Fear and career: a little rhyme

This Free to Spiel guest feature has been written by Saoirse, creator of @science.and.magick on Instagram. In this feature, Saoirse opens up about how her initial career choices were founded upon fear – a feeling that has been passed on from family members and ancestors as a result of intergenerational trauma.

Whilst stressful at the time, Saoirse’s experience of unemployment at the start of COVID ended up being of significant benefit. It allowed her the time to re-evaluate and embark upon a career path she actually desires; she is now studying towards a masters degree in psychology!

“…around 85% of the global workforce dislike their job

Fear and career, I love a little rhyme.

My first career choice was fully guided by fear. Fear of security, fear of fitting in, fear of rejection and fear of expressing what I actually desired. According to a Gallup poll in 2017, it has been estimated that around 85% of the global workforce dislike their job. I was most definitely one of them.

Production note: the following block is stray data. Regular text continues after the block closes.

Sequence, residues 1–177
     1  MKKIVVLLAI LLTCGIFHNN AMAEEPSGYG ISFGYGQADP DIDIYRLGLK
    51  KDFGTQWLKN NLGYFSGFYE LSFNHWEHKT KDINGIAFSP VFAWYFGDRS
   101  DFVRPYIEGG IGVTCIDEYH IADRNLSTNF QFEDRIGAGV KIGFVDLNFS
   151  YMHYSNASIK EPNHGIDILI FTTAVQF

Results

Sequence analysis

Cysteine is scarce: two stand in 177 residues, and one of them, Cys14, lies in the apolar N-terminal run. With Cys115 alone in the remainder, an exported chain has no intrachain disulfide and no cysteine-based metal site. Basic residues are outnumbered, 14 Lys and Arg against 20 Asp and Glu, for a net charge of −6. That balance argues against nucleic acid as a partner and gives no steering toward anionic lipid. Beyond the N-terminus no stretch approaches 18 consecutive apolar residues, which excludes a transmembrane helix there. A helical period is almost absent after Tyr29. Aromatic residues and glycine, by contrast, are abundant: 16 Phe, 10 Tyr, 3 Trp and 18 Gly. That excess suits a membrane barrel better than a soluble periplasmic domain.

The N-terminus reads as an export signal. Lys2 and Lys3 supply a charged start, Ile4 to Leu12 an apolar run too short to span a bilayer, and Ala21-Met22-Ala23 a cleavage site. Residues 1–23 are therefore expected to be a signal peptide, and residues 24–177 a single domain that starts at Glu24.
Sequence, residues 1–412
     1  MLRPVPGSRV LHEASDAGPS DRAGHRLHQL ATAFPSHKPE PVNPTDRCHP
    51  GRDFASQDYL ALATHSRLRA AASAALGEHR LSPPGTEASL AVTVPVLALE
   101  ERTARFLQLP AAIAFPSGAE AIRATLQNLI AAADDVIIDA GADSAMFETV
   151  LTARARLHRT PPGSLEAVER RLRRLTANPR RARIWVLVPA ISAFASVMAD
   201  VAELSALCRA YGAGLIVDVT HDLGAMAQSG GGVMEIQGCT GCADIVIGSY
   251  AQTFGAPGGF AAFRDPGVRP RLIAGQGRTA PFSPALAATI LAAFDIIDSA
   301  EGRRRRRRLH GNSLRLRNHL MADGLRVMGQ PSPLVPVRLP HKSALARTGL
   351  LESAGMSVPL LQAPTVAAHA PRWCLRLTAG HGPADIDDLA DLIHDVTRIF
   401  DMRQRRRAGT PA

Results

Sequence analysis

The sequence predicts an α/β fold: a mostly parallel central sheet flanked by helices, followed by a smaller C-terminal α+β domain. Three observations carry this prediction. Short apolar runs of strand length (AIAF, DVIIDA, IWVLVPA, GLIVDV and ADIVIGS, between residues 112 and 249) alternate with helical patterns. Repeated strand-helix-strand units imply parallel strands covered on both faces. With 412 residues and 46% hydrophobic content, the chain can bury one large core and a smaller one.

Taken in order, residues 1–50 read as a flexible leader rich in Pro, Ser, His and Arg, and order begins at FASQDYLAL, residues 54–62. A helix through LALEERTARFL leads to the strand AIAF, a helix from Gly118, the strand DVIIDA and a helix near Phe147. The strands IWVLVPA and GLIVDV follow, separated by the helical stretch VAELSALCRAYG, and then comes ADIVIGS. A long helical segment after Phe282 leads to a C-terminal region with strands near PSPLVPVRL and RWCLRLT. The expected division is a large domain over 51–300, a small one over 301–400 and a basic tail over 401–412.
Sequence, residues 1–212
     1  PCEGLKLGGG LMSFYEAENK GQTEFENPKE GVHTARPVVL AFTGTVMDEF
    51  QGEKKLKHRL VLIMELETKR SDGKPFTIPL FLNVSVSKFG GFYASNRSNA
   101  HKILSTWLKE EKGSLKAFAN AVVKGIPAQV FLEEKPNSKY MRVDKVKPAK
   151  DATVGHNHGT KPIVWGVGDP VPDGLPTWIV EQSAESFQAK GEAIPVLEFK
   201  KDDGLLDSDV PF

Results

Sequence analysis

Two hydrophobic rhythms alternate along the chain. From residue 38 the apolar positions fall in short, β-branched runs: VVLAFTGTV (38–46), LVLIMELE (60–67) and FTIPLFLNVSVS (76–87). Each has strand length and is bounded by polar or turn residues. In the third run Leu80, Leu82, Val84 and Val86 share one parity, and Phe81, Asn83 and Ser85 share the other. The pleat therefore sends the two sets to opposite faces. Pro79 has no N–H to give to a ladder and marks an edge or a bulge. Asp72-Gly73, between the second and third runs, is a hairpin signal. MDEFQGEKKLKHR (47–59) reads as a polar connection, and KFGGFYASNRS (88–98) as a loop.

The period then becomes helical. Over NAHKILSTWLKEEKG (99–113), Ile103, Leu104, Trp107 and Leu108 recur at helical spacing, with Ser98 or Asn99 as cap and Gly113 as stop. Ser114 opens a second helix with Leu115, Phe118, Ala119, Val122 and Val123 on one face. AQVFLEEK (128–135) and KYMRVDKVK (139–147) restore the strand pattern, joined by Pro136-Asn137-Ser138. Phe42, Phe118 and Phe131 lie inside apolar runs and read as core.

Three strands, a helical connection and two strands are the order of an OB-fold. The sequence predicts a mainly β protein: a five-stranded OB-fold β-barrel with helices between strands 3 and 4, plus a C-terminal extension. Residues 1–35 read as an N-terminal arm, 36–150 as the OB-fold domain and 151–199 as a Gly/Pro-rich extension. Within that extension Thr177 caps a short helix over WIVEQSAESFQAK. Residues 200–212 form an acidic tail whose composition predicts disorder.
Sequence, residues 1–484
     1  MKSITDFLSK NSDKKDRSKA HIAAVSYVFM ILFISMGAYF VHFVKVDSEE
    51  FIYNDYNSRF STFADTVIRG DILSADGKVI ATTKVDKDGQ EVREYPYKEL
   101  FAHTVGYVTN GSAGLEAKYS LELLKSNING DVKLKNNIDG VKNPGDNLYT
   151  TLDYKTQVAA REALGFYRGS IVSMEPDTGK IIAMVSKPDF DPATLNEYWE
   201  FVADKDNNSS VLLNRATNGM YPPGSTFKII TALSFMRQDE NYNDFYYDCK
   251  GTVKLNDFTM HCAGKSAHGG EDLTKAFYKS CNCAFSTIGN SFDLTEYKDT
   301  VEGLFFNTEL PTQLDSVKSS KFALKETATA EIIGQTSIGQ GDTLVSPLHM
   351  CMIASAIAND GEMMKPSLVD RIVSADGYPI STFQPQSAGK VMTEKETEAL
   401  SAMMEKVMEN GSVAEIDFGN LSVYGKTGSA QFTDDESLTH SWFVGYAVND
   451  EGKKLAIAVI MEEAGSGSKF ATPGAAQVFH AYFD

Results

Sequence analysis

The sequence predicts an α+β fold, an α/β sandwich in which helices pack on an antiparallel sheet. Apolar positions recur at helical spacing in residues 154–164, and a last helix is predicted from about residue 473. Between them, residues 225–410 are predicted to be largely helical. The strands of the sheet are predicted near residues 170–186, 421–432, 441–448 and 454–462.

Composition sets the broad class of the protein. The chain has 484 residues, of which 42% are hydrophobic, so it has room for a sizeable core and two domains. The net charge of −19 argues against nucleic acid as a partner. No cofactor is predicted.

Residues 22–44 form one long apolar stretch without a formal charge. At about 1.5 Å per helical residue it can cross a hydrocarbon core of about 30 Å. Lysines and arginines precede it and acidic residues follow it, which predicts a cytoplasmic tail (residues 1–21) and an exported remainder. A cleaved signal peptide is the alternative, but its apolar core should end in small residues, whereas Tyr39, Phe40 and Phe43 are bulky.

When I was in my final year of school, I had no clue what I wanted to do. I knew I was lucky, in that certain subjects have always come easy to me. Our exams were also mostly based on a memory game rather than critical evaluation and individuality, and I was lucky enough to have a strong memory.

I was able to ‘work the system’, but I did not want to. I did not want to go straight to University, as I had zero clue as to what I wanted to do in life. Like many people at 18 years old, I questioned everything with very little actual life experience. How are we meant to put all our eggs in one basket at that key time, and confidently state that X is the career path we want?

As I received strong academic results, I was repeatedly told by my teachers, parents, extended family members and neighbours that I was throwing my life away if I didn’t use my brain. There was never any discussion around whether, say, taking a gap year might possibly be the right choice.